Dreadnought - Lifewoven review
|Release date:||May 2013|
Let's say you want to make a sandwich. You've firmly decided on white bread as your dough of choice, but being the s̶n̶o̶b̶b̶y̶ ̶a̶s̶s̶h̶o̶l̶e̶ sophisticated intellectual that you are you don't want to settle for a mere ham and cheese, that's just far too bland for your likings. So you go to the supermarket and stock up on $30 worth of ingredients to make this a sandwich more catered to your IQ points (and credit score). What results is a monumental supreme taste voyage of meat and vegetables whose numbers go beyond the limits of the human language…. or, in other words, an edible equivalent of Lifewoven, the highly impressive 2013 debut from American band Dreadnought.
The core sound of the innovative foursome that is Dreadnought lies in the progressive metal area, but not in the sense of Dream Theater-esque prog, or some type of djent-y Meshuggah ripoff with a bunch of overdone syncopation. Lifewoven is, more than anything, an homage to the classic prog acts of the 70s, especially Yes and King Crimson. Much like their progressive forefathers, Dreadnought weave a delicate compositional technique that has enough twists and turns to keep things creative and intriguing, but that isn't too overtly technical to digest. Whether it's the beautiful vocal melodies on "Nascence" and "Renaissance," the unorthodox instrumentation (including sax, mandolin, trumpet, and flute) on tracks like "Immolate" and "Utopia" or even the fat, audible bass tone throughout, with Lifewoven Dreadnought make it quite clear that they know how to craft music that is vastly multi-layered, but doesn't feel bloated.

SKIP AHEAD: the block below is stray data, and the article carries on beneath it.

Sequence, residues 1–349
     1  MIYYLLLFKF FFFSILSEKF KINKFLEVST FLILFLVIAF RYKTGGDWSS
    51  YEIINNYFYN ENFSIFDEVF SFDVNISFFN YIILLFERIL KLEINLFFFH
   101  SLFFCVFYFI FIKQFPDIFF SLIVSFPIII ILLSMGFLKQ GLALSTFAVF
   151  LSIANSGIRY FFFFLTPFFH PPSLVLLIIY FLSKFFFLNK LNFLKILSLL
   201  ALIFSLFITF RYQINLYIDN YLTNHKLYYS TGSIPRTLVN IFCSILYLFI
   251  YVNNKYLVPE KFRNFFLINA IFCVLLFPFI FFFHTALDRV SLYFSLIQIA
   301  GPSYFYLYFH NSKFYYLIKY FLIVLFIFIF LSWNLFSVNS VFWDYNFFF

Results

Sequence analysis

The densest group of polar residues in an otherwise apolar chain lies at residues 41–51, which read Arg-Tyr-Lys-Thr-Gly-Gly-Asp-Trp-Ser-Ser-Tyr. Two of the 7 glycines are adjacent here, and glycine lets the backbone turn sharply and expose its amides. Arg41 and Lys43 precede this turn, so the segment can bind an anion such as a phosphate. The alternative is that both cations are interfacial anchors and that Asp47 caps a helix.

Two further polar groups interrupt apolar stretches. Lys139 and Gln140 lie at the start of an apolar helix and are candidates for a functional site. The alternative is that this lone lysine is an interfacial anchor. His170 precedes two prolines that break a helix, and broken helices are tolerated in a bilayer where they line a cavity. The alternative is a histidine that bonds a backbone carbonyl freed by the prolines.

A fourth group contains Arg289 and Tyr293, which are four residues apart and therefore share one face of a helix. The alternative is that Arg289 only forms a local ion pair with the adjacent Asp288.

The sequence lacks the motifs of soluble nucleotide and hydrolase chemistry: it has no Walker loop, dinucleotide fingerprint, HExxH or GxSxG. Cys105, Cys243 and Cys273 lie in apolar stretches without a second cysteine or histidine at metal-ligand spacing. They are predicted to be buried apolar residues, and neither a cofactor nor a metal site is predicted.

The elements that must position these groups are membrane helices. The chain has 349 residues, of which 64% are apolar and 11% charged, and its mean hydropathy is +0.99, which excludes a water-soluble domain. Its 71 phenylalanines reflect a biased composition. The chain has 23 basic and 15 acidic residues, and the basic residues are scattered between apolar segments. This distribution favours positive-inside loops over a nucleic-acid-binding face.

In addition to the progressive core of the band's sound, Dreadnought also make use of a few simple, yet effective black metal elements, which at some points enhance the music, like in the middle of "Nascence," and at other points come to dominate it, like on "Deluge." While these extra flavors may not be abundant enough to regard Lifewoven as a full fledged progressive black metal album, Dreadnought manage to weave them in at just the right points in the composition, so that they give the songwriting that extra push it needs to create a more multi-faceted experience for the listener. With as wide an array of instrumentation and compositional techniques as Dreadnought make use of, one would think it would almost be counterproductive for the band to not bring them all out equally as crisply, and Lifewoven indeed does makes use of a very "round," all-inclusive production sound that helps to bring everything out and leaves no part of the music overshadowed.
Hearing Lifewoven reminds me a lot of the first time I listened to Negură Bunget, because it's very much the same type of listening experience. That is, there's a lot going on with the instrumentation, with a ton of non-metal instruments that help to create a mesmerizing, almost transcendental mood. To some listeners this may come across as unnecessary and pretentious, but fans of more progressive or otherwise off-the-wall forms of music will enjoy it for what it is: a highly intelligent album from a group of musicians trying to give us something that we haven't heard before. Lifewoven is easily one of the most well-composed albums I've heard all year, and for a debut it' sets some pretty high standards for Dreadnought to follow up on. If you enjoy strange metal that challenges convention and makes you reevaluate the way the genre can be delivered, then you know what to do. Hop to it, bitch!
||Written on 25.09.2013 by Comforting the disturbed and disturbing the comfortable since 2013.|
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| Troy Killjoy
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